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Mexico counts cost of hurricane

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Mexico counts cost of hurricane


Residents of Mexico’s Yucatan peninsula have been surveilling the damage left in the wake of Hurricane Dean. The storm weakened considerably as it passed over land, but is expected to pick up speed again as it crosses the Gulf of Mexico. In the oil-rich waters, crude production has been suspended and tens of thousands of workers have been evacuated.

Glamourous tourist resorts such as Cancun were spared the worst of the wind and heavy rain, but more isolated, rural areas were badly affected.

“We lost everything,” said one fisherman in Majahuan, “Tools, boats, things for the restaurant. Everything.”

Those living in villages that fell under the eye of the storm are pleading for help in rebuilding.

“In just a few hours, everything was gone,” explains a local businessman, “We’re asking national authorities to give us a hand with loans and credit so we can get back on our feet.”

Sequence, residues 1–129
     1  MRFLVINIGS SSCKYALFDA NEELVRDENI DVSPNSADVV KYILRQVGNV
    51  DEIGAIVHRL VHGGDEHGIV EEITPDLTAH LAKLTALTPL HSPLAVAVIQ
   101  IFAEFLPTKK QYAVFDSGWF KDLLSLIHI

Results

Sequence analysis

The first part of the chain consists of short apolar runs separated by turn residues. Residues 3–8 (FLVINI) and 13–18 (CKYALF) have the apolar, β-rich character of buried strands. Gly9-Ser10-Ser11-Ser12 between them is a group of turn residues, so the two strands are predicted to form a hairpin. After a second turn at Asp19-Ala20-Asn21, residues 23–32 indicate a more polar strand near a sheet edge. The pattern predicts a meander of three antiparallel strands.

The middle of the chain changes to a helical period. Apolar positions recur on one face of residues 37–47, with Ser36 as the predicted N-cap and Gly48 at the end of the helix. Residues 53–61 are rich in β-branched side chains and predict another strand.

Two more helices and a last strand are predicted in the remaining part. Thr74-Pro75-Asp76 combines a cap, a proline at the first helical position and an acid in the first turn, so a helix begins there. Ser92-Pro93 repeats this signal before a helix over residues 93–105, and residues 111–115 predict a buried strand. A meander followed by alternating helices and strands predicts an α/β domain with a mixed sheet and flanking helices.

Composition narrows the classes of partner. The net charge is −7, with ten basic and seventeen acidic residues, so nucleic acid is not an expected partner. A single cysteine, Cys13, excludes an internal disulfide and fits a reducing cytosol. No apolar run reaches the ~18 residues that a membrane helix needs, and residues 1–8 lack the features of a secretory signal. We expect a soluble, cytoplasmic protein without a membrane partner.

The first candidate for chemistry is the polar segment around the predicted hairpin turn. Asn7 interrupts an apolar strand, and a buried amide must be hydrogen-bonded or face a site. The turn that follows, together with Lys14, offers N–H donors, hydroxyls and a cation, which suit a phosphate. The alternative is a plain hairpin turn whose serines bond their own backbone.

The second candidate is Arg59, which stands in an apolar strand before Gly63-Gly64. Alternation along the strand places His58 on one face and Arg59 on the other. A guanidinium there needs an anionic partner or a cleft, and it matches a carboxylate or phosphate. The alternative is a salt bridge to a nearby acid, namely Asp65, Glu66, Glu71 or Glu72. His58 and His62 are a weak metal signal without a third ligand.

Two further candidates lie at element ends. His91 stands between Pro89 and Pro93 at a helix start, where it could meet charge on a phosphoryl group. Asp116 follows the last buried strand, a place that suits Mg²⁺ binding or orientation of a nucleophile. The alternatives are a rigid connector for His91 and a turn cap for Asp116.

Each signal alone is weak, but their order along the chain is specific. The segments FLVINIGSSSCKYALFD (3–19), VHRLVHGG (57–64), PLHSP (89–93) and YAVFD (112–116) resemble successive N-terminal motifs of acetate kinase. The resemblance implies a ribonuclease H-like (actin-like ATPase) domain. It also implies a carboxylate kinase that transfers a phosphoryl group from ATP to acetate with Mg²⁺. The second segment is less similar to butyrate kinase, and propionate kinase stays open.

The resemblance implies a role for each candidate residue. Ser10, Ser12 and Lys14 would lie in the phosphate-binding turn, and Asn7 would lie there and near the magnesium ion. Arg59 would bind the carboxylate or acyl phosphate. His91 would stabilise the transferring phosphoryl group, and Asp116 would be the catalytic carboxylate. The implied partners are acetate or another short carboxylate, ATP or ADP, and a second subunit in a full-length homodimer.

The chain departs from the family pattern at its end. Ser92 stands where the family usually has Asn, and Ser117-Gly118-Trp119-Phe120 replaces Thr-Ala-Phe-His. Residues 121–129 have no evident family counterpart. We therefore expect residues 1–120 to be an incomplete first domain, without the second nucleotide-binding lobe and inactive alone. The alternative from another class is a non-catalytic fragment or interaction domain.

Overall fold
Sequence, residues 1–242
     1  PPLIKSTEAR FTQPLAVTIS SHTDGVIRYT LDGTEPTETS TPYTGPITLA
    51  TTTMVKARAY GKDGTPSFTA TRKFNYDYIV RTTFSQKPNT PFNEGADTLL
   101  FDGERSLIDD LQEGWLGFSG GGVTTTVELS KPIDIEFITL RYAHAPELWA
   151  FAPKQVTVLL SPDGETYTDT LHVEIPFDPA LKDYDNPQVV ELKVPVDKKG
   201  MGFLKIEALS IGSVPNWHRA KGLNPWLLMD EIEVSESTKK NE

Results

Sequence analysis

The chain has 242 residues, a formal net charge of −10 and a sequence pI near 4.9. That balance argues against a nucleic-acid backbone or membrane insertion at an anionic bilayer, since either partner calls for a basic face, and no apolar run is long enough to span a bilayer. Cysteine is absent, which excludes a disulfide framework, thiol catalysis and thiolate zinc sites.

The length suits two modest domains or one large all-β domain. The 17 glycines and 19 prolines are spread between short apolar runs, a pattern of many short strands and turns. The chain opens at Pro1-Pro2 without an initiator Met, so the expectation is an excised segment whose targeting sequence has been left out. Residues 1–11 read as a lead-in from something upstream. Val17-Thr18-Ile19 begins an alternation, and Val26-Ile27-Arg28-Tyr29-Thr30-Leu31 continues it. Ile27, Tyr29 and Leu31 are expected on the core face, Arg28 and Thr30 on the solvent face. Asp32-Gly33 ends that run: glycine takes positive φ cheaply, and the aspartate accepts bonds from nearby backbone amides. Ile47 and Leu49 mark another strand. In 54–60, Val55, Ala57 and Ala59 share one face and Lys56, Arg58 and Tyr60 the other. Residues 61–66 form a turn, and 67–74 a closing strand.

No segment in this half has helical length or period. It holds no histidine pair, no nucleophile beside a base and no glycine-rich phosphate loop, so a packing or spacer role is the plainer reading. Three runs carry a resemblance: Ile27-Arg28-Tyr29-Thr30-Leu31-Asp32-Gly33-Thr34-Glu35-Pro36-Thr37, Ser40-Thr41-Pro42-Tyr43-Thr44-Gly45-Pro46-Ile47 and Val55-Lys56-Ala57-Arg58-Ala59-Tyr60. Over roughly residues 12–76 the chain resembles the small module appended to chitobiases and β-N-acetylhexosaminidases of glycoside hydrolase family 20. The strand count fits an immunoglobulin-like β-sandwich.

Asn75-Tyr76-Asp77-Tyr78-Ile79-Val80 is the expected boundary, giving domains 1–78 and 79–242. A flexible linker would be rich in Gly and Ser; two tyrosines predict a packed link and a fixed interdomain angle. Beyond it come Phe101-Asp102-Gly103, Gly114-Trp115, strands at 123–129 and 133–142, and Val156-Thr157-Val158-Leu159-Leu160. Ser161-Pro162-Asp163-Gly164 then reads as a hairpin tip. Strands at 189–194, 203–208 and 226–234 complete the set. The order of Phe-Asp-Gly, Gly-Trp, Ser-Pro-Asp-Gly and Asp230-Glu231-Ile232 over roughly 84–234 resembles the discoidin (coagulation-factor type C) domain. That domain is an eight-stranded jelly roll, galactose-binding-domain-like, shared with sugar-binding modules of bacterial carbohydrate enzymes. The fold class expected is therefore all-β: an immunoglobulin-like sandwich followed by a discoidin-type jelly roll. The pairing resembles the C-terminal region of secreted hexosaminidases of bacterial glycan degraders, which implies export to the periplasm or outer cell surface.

After killing at least 12 people in the Caribbean, Dean hit Mexico as a maximum category five storm but was later downgraded to category one. Locals had feared carnage similar to that of 2005 and Hurricane Wilma, the strongest Atlantic storm on record. Mexican President Felipe Calderon cut short a mini-summit with the US and Canadian leaders to visit affected areas. More than 70,000 holiday-makers were evacuated from resorts in Mexico and Belize. Despite Dean weakening over the last 24 hours, meteorologists are warning against complacency.

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